An empirical research article reports research based on actual observation or experiment. The research may use quantitative or qualitative research methods.
Quantitative Research uses numerical data to try to establish causal relationships between variables (“Based on 100 interactions, A causes B.”)
Qualitative Research objectively and critically analyzes behaviors, beliefs, feelings, or other values (“People suffering from Illness A tend to be more cautious.”)
When searching for empirical research articles, use database tools and extra keywords to help narrow your search.
Limit search to "Full Text" and "Peer Reviewed"
Limit search by source type (“Academic Journals” or “Scholarly Journals”)
In addition to keywords for your topic, use words or phrases such as:
“study” or “studies”
“subjects” or “participants”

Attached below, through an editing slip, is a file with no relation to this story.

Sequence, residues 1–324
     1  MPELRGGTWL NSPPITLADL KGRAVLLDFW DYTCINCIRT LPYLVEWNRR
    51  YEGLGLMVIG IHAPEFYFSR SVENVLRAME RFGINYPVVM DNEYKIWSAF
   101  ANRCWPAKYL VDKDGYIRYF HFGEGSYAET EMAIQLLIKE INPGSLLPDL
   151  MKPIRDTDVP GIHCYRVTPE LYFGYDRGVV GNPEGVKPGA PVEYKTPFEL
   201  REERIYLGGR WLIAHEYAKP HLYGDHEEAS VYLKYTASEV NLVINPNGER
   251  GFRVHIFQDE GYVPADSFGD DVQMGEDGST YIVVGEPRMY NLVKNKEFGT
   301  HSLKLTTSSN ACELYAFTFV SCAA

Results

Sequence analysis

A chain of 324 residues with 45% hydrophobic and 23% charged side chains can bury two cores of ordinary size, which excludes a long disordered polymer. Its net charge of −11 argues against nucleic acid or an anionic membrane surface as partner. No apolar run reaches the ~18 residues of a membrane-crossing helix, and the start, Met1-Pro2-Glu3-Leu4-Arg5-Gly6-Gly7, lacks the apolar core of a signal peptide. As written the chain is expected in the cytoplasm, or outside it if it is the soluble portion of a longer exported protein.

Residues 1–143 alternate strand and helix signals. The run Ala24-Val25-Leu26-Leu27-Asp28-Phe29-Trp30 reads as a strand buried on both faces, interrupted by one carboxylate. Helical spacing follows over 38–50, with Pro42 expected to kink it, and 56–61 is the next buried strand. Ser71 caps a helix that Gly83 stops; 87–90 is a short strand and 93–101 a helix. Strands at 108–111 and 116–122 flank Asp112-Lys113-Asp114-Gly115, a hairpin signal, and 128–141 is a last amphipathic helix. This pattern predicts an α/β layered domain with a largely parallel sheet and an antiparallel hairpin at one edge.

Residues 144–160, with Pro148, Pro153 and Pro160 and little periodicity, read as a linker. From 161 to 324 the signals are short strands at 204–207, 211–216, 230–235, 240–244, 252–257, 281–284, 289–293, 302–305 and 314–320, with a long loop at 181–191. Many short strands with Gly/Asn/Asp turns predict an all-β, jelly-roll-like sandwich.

For more help with database searching and keywords, check out the Research Help library guide.
What type of source is your article published in?
Popular Magazines (Time, People, Psychology Today, WebMD, etc.): usually NOT empirical
Journals (Academic, Scholarly, Peer-reviewed, Professional): sometimes YES
An abstract is a brief summary or overview of the article. Abstracts for empirical research articles:
May describe a study, observation, or analysis
May mention participants or subjects, data, surveys, questionnaires, assessments, interviews, or other measurements
Empirical articles (and scholarly articles in general) are usually at least 5 pages (often up to 20 pages long).
Empirical articles may include headings or subheadings for sections such as:
Methodology or Methods
Empirical research articles often include some sort of (quantitative and/or qualitative) data. This may be included in the article as charts, tables, graphs, or appendices.